While the coronavirus is being fought with each vaccine and in each intensive care room in the world, leaders and intellectuals are already discussing what could be the best responses to the social and economic challenges that the pandemic brought, or that it undressed in all its seriousness. In Argentina that debate had a chapter this week, with a meeting organized by the UBA and the UCA.
In the School of Politics and Government, of the Faculty of Social Sciences of the Argentine Catholic University (UCA), a new virtual meeting of the Cycle “So that the day after we can be better”, of the Cycle 2021 “Building Bridges”, was held. in which it was discussed Pope Francis’ proposal for the transformation of the world economy towards an inclusive capitalism.
Moderated by Lourdes Puente, Director of the School of Politics and Government of the UCA, and Pascual Albanese, vice president of the Institute of Strategic Planning, explained Juan Ignacio Maquieyra, Executive Director of the Fratelli Tutti Political School; Enrique Del Percio, Rector of the University of San Isidro; Alicia knight, Dean of the Faculty of Economic Sciences of the UCA; Javier González Fraga, former President of the BCRA; Cristina Calvo, Director of the International Program on Democracy, Society and New Economies of the UBA; Marcelo resico, Director of the Development and Institutions Program of the UCA; Delfina Lopez Freijido, specialist in Sustainable Finance; and Juan Manuel Urtubey, former Governor of Salta.
After the words of the organizers Jorge Arias and Alexander Drucaroff (Argentina Conversa), the moderator Pascual Albanese marked the limits of the field: “in the world a consensus is growing that a profound rethinking of cultural, social, economic and political practices is urgent. Thus, there is an urgent need for a just and viable economic system. What can be done? to do about it from Argentina? “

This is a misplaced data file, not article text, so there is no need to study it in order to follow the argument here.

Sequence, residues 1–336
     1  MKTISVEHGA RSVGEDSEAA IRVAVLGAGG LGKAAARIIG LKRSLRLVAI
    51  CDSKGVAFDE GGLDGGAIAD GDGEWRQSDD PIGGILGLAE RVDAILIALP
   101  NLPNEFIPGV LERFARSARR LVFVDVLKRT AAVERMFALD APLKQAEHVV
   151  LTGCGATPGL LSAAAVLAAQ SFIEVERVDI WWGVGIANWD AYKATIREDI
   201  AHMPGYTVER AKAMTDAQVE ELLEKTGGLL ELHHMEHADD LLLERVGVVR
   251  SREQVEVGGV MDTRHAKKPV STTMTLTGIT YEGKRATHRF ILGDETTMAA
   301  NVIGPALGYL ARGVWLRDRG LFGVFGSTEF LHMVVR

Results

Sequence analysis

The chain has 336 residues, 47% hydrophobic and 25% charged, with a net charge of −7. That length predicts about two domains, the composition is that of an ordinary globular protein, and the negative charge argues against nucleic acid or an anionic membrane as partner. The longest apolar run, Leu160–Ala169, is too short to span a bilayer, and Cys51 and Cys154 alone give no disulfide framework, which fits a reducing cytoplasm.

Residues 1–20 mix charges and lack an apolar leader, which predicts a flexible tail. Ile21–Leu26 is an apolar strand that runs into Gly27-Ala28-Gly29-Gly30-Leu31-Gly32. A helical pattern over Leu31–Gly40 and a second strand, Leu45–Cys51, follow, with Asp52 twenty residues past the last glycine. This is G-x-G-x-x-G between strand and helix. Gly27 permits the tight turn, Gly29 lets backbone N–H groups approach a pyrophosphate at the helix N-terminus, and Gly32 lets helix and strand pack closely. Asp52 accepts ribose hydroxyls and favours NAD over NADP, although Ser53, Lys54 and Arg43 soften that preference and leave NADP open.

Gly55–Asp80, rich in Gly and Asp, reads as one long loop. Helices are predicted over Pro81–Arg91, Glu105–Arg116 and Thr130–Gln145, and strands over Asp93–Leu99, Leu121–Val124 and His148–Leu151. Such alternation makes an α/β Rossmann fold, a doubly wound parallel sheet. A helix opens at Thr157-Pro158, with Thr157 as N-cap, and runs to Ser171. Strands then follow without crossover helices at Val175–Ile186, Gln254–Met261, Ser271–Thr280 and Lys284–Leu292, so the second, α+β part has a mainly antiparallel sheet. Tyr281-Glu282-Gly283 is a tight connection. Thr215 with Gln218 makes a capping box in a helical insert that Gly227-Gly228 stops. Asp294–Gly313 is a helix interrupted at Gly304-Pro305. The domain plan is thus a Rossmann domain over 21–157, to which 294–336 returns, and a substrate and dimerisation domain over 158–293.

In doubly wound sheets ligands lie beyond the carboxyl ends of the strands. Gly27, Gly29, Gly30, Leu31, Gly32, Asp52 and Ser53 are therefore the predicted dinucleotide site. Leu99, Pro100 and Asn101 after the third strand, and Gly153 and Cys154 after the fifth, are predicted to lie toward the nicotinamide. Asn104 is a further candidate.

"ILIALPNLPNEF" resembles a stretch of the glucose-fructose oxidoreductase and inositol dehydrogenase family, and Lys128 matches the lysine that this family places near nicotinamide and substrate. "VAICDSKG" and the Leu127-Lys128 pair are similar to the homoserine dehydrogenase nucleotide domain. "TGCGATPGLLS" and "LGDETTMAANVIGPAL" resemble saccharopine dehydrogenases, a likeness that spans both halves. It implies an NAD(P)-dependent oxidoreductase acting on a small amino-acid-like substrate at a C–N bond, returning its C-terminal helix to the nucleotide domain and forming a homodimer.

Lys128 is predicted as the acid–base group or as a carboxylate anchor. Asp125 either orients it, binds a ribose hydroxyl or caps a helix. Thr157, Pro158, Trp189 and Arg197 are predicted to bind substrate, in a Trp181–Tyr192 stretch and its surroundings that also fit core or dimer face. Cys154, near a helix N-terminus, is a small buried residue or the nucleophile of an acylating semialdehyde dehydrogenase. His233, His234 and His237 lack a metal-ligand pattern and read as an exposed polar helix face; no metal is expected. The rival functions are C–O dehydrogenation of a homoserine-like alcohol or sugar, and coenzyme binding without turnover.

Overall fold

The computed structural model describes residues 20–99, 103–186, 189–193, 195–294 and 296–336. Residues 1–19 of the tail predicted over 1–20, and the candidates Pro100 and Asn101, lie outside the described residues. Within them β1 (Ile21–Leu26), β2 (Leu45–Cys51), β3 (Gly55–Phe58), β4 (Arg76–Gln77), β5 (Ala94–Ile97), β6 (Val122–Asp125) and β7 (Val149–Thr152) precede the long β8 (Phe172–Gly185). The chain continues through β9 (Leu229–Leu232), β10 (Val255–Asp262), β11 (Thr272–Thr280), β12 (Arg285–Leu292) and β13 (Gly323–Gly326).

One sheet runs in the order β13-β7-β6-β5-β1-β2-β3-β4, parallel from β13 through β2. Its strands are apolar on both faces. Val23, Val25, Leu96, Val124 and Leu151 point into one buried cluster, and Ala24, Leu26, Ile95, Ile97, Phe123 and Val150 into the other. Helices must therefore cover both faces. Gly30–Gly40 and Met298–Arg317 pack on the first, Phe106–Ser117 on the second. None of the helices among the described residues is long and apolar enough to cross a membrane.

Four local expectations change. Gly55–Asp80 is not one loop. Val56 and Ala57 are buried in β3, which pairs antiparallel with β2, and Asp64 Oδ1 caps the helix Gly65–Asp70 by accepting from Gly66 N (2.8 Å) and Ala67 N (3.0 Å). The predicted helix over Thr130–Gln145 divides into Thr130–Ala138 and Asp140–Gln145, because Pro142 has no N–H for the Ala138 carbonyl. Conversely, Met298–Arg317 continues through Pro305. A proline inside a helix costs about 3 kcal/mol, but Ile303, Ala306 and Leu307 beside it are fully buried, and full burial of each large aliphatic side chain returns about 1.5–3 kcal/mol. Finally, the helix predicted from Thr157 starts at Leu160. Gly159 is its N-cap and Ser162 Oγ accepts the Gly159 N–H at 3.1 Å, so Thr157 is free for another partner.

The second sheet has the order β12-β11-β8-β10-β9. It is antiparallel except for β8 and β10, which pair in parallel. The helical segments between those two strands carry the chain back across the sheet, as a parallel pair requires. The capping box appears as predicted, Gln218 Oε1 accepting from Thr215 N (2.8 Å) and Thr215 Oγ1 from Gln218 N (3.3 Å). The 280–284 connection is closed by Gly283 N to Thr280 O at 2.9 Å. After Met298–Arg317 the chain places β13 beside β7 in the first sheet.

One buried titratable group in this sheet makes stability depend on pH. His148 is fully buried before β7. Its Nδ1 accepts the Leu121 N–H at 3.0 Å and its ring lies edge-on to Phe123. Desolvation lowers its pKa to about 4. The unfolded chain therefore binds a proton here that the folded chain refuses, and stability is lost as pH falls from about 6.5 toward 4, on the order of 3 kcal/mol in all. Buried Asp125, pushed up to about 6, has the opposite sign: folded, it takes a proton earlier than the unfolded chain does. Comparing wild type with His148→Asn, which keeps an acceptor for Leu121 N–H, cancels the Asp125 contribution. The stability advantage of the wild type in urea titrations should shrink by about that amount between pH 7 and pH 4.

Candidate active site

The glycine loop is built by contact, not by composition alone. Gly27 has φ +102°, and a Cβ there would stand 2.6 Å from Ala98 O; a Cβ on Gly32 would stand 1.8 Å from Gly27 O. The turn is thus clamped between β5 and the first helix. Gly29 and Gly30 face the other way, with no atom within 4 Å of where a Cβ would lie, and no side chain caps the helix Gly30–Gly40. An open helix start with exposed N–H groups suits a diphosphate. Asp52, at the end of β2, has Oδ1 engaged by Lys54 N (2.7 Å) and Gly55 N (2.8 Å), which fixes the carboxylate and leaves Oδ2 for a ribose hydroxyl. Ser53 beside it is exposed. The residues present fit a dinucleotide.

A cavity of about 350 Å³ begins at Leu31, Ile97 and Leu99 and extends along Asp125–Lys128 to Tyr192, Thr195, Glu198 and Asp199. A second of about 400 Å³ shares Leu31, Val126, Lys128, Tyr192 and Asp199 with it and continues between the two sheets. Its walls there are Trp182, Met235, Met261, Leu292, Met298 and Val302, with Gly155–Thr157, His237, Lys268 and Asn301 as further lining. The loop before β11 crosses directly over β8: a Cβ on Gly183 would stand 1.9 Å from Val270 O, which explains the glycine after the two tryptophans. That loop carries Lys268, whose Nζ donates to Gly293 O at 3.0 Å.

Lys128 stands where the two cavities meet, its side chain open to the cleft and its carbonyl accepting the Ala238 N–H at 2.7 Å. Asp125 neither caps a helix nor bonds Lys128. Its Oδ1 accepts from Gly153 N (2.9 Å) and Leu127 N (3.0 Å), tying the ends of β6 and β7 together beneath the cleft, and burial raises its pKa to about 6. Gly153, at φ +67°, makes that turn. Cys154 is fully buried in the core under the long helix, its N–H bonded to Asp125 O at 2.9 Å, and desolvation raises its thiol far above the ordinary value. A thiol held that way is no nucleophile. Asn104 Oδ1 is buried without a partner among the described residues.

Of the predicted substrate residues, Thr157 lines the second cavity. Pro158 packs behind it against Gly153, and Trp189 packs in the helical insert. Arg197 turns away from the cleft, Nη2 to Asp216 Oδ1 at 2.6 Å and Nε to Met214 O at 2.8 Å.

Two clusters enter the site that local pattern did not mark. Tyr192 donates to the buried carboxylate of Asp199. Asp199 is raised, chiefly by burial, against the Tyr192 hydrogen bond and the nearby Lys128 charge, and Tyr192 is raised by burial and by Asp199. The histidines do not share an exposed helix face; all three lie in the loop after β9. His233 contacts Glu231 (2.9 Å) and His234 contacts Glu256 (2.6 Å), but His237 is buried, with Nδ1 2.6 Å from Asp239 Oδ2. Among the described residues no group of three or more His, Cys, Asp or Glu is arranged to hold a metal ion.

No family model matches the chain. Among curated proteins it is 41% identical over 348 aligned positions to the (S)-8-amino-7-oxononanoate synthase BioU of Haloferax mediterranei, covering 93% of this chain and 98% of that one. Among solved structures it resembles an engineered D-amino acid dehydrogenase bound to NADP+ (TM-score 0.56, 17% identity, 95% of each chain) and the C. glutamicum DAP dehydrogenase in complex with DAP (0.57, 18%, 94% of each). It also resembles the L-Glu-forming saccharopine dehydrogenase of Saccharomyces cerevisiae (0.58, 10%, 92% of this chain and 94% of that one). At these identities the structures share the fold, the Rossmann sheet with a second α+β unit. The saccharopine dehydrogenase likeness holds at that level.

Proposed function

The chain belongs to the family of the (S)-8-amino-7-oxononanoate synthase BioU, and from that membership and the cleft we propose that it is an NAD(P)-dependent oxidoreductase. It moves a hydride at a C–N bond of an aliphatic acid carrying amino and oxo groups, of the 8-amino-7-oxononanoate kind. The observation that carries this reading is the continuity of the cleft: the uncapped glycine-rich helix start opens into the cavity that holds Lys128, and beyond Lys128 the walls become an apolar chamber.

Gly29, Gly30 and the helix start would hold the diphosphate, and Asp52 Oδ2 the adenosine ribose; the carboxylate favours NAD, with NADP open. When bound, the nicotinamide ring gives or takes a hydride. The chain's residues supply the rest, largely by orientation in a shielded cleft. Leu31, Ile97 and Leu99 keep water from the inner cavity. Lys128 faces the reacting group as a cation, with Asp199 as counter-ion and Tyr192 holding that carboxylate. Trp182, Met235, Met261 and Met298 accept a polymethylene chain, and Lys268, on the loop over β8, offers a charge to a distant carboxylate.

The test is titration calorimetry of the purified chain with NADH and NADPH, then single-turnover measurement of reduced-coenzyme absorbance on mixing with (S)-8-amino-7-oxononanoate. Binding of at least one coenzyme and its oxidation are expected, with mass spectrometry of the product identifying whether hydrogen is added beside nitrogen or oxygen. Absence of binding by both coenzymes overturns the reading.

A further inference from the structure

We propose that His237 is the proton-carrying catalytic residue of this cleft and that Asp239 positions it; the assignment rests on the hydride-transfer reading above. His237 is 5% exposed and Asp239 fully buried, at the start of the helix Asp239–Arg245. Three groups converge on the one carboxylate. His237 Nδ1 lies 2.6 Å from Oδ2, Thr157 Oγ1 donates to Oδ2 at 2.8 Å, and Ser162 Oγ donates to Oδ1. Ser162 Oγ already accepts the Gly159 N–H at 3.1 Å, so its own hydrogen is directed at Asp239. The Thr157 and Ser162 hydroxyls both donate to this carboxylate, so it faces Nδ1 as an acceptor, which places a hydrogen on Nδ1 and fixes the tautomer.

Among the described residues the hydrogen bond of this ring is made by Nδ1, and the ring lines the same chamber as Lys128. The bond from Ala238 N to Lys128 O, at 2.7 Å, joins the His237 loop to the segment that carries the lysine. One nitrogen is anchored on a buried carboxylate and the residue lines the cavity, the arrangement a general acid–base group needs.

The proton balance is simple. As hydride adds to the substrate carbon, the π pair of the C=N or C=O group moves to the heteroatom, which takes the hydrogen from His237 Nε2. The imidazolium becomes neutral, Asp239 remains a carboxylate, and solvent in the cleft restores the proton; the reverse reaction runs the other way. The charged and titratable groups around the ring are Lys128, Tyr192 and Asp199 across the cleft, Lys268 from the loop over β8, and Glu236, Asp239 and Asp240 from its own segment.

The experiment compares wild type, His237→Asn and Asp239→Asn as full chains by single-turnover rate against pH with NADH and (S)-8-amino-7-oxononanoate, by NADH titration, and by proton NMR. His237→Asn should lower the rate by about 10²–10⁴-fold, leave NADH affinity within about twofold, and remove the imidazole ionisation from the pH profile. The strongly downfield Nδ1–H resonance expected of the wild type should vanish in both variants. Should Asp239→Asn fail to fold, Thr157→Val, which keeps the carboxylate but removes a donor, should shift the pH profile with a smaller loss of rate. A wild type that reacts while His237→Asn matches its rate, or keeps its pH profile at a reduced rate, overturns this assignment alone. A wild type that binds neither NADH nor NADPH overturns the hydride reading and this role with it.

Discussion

“Globalized society makes us closer, but not necessarily more siblings. It seems that capitalism is not responding to the needs and desires of the human being,” he began. Juan Ignacio Maquieyra. “The development model that is presented to us today is not only deeply unfair and unequal for those who live in a popular neighborhood, but on many occasions it also does not generate fulfillment for the middle and upper spheres of society. Although today it is failing in many aspects, politics should not stop having that ultimate meaning, “he warned.
Enrique Del Percio picked up the glove: “Brotherhood does not imply a perfect world; anyone who has brothers knows it. But unity is, and must be, always superior to conflict. Inclusive capitalism proposes a brotherhood that starts, not from a mandate, but from a fact that calls us to assume that we are brothers and that calls us to fulfill ourselves in a community. “
The Dean of Economic Sciences of the UCA, Alicia knight began to sharpen the lens: “in addition to the role that companies have, it is the institutions that define the way of distributing wealth. Need a system that generates that wealth, but we also need rules of the game and a State that allows leveling the playing field and making more people live better. Today the notion of growth is left behind for economic theory, and we speak of development, which is growth and human promotion simultaneously. “